Getting out of the Afghan quagmire

It is time for the West to stop dreaming and adopt more pragmatic goals in Afghanistan

Daniel Korski
ECFR Alumni · Former Senior Policy Fellow




Nobody calls a summit knowing it will achieve nothing. World leaders, even
if they anticipate little by way of concrete action from an event, hope that
the glow of the media and being seen with their counterparts will increase their
standing. But sometimes summits do the opposite. They are hyped to such a
degree, or so badly mistimed, that their failure boomerangs back to hit the
organisers. The Danish leader, Lars Løkke Rasmussen is finding this after the Copenhagen failure. And
it will be what faces British Prime Minister Gordon Brown after this week’s London conference on Afghanistan.

When I helped prepare a similar event in London
in 2006, there was a real sense that post-Taliban Afghanistan was moving from the era
of liberation towards a period of development. Elections had been held,
parliament constituted, the Taliban defeated and the Kabul government was thought to be hitting a
halting, but stable, stride. It made sense to bestow upon President Karzai
renewed international legitimacy and to set out a new agenda both for him and
his foreign helpmates.

None of this is true today. Afghanistan
is not progressing from any particular phase to another; rather, it is
regressing. Fraudulent elections have discredited the democratic process.
Though Karzai pledges to address corruption, the presence of notorious warlords
in his cabinet raises concerns about his government’s ability to provide the
kind of effective, fair and impartial governance needed to rebuild the public’s
trust.

The international community’s efforts in Afghanistan have also done the
country no favours. The UN, NATO and the EU now have their own strategies, each
one with a different emphasis. And it not likely to get any better, as popular
support for continued engagement in the Afghan mission diminishes across key
Western nations. The Japanese government just pulled its navy out of the
international coalition. Its sailors will soon be followed by Dutch and
Canadian soldiers. With the storm over the deadly air strike near Kunduz still
tearing at Chancellor Merkel’s government, who knows how long the Germans will
stay.

This is no time to abandon Afghanistan.
But nor is it time to dream up a new set of aims, a range of internationally
enforced timelines, and a promise of more aid. Most of this would not not be
achieved; all of it would be forgotten before the event was over.

If it is to achieve anything more than fill out the evening news, the
gathering must have only one aim: to help Hamid Karzai begin reaching out to
insurgents and fence-sitters, drawing them into a negotiation that can drain
the insurgency of all but the religiously-committed warriors. Fortunately,
after years of hesitation, the US
seems to have swung behind exactly this policy.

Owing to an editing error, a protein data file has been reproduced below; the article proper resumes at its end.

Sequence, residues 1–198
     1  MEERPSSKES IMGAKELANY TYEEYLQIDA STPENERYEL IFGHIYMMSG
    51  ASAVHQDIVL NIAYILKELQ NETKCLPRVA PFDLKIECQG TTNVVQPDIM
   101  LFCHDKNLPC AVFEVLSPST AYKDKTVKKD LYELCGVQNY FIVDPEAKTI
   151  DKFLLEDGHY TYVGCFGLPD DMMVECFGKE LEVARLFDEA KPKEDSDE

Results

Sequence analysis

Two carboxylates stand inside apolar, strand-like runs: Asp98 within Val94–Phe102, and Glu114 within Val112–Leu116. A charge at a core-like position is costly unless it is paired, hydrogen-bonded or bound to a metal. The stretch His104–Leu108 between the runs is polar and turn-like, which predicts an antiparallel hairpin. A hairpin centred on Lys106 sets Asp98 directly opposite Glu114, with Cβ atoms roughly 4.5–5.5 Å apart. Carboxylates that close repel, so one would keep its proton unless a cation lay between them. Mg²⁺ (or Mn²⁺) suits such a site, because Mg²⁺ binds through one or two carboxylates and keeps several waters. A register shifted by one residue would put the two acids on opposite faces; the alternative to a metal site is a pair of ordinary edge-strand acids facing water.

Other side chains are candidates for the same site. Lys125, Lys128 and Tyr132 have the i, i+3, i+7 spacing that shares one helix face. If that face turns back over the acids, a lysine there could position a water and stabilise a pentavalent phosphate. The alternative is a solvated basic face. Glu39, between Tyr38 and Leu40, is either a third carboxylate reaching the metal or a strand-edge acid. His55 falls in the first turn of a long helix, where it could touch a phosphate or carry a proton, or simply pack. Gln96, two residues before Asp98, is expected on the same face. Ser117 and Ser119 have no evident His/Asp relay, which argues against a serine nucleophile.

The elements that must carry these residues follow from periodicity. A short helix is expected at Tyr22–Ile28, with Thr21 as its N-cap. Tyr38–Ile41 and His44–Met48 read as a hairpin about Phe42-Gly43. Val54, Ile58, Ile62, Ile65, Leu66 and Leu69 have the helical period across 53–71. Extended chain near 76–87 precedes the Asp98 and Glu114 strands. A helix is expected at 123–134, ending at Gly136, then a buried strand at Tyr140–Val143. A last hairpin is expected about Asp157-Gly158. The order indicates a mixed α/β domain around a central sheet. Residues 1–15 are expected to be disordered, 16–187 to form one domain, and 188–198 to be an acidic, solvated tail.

In such a process, the Kabul
government must put almost everyone on the table: the formal power of the
state, the language of the constitution, even the social rights that have been
secured in name, but are rarely respected and instead help the insurgency
recruit foot-soldiers. Part of this will involve giving incentives, like money,
jobs and security guarantees, to foot-soldiers in a way that the Kabul government has
pretended to do in the past, but never seen through. But it will have to go
even further now.

Everyone hoped the shock therapy of invasion would help moderates entrench a
new way of life in Afghanistan,
which would be more democratic, more humane and less likely to harbour
international terrorists. But after almost a decade of trying, this
internationally sponsored project must be called to a halt – it cannot be done,
at least not in the next 50 years. The most likely scenario if matters
continue, even after President Obama’s surge, is a precipitous withdrawal of
international forces and the return of a revanchist Taliban and their al Qaeda
backers.

Far better, therefore, to focus on making the country reasonably stable,
even if this means that parts of it will be run in ways and by people who NATO
has – until recently – fought. Far better to look at new ways of running the
state, for example by decentralising power to a semi-autonomous southern
region. Far better to cancel programmes that are culturally alien to Afghans
and in so doing make it clear that the world does not wish to “westernise” the
country, but make it stable.

A progressive, rights-respecting democracy is in the West’s interest – and
should be a long-term goal. But a stable, quasi-democracy, which, like Saudi Arabia, practices the Sharia law, and like
Iraq
shares power with former combatants, is far better than an internationally
created polity which by its nature provokes resistance and precipitates its own
downfall.

As former US National Security Advisor Zbigniew Brzezinski has argued, the
Taliban do not threaten the West. But the dreamy, under-resourced and therefore
unrealistic visions that many in the international community still harbour, do
undermine our ability to achieve the West’s strategic aims.

If is to avoid being a waste of time or even worse, join Munich,
Yalta and now Copenhagen
as a by-word for diplomatic failure, the London
conference must be less about international pledges of aid and soldiers, and
more about creating space for a political accommodation between the Kabul government and the
Taliban insurgency.

This piece was first published in E!Sharp

The European Council on Foreign Relations does not take collective positions. ECFR publications only represent the views of its individual authors.

Author

Daniel Korski
ECFR Alumni · Former Senior Policy Fellow